Photo taken by Matthew Lohry in July 2009
BH Photo #154175
A Technical Overview...
Written by Matthew Lohry
There are many reasons to allow this bridge to live on—first of all, V-lacing abounds, adding to the intricacy and beauty of the structure overall. V-lacing exists under the upper chord, on the vertical truss members (with the V-lacing facing the roadway rather than either end), on the sway bracing, and even the bottom chord! The truss’s built-up diagonal members are of the batten-type. The portals are of the typical A-frame design used during this era of bridge building.
Some of the photographs show square-head bolts rather than rivets for connections. Apparently, these are original, as bridge building standards (at least in Minnesota) did not yet require all-riveted connections. The steel was manufactured by Jones & Laughlin.
Another interesting feature is that the concrete deck (which is overlaid with asphalt) is of the jack-arch type. Unfortunately, the deck is deteriorating quite badly in some locations and has holes along the edges. The abutments are made of concrete and are suffering from mild deterioration. The superstructure, however, appears to be in relatively good condition and is perfectly restorable (at least in my estimation).
I hope that whoever steps up to restore this rare and beautiful piece of civil engineering history removes the horribly ugly beams that were welded across either portal to restrict the height!
Dakota County is in the process of realigning the roadway and constructing a concrete slab several hundred feet west of this historic structure. Fortunately for us historic bridge lovers, the county is allowing the historic bridge to remain in its current location for potential use as a bike and pedestrian trailway! The Dakota County Website says “possible future rehabilitation”, which tells me that no plans to rehabilitate are in place at this time. Hopefully, someone with the funds will step up and take on this vital task.
I would like to point out that as my two boys and I were under the bridge throwing rocks into the river, two cars passed over, and I would have never known if I had not seen the cloud of dust from the gravel road! Normally you would hear some sort of vibration or slight rocking, but not here! I think the bridge is sturdier than people give it credit for.
- Through truss bridge over Cannon River on CR 166 Canada Ave.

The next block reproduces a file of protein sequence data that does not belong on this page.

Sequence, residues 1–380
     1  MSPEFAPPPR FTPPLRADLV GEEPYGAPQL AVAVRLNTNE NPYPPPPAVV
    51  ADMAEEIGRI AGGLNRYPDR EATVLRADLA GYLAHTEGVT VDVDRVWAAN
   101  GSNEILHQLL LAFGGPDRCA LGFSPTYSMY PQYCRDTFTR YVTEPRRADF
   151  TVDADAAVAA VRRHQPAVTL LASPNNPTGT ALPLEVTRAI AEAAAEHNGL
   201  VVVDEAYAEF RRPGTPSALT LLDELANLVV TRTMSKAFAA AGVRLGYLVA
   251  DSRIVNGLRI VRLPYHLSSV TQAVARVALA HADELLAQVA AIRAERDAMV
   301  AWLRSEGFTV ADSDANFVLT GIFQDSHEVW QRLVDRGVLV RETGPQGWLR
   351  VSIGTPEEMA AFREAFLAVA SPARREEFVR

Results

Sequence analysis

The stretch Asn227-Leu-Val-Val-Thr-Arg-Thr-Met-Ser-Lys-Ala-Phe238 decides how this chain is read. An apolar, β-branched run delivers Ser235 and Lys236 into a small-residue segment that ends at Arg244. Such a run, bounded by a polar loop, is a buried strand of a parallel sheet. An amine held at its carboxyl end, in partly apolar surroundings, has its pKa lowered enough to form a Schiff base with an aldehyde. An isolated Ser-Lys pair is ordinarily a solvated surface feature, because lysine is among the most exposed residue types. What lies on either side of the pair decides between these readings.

- Dakota County, Minnesota
- Bypassed by a new bridge in 2010. Bridge open to pedestrians only.
- Future prospects
- This bridge was replaced by a concrete slab bridge but remains in place as a pedestrian bridge with chances of being reincorporated in a bike trail in the near future.
- Built 1909; made obsolete by a new bridge in 2010, won SavingPlaces grant and fortified substructure: remains intact for pedestrian use
- - BACH Steel of St. Johns, Michigan (Abutment/Wing Wall Repair)
- Chas A. Forbes (Designer)
- Hennepin Bridge Co. of Minneapolis, Minnesota
- Workin' Bridges/NSRGA of Grinnell, Iowa
- The camelback through truss is a variation of the Parker through truss, the difference being that the upper chord of a camelback has exactly five sides, including the end posts, whereas a parker has more than five sides, giving the top of the upper chord a more curved appearance.
Length of largest span: 137.1 ft.
Total length: 143.1 ft.
Deck width: 15.4 ft.
Vertical clearance above deck: 7.7 ft.
Posted to the National Register of Historic Places on August 26, 2010
- Also called
- Cannon River Bridge
- Approximate latitude, longitude
- +44.48750, -93.12833 (decimal degrees)
44°29'15" N, 93°07'42" W (degrees°minutes'seconds")
- Approximate UTM coordinates
- 15/489795/4926028 (zone/easting/northing)
- Quadrangle map:
- Average daily traffic (as of 1996)
- Inventory numbers
- MN L3275 (Minnesota bridge number)
NRHP 10000580 (National Register of Historic Places reference number)
BH 20349 (Bridgehunter.com ID)
- Inspection report (as of January 2009)
- Overall condition: Poor
Superstructure condition rating: Fair (5 out of 9)
Substructure condition rating: Poor (4 out of 9)
Deck condition rating: Critical (2 out of 9)
View more at BridgeReports.com
- November 10, 2020: Updated by Roger Deschner: Added category "Jack Arch Deck"
- October 10, 2016: Updated by Christopher Finigan: Added category "Riveted"
- August 31, 2014: Updated by Julie Bowers: updated status and company
- November 25, 2013: New Street View added by J.P.
- January 16, 2013: Updated by Luke Harden: Added builder.
- August 28, 2011: Updated by Jason Smith: This bridge has been bypassed by a new bridge but is open to pedestrians only.
- September 4, 2010: Updated by James Baughn: Posted to the National Register
- April 13, 2010: Essay added by Matthew Lohry
- February 2, 2010: Updated by Matthew Lohry: Added photos, updated name and status information
- June 6, 2009: Updated by Brian McKee: Modified road name
- Brian McKee - bjmckee51 [at] yahoo [dot] com
- Matt Lohry
- Jason Smith - flensburg [dot] bridgehunter [dot] av [at] googlemail [dot] com
- J.P. - wildcatjon2000 [at] gmail [dot] com
- Julie Bowers - jbowerz1 [at] gmail [dot] com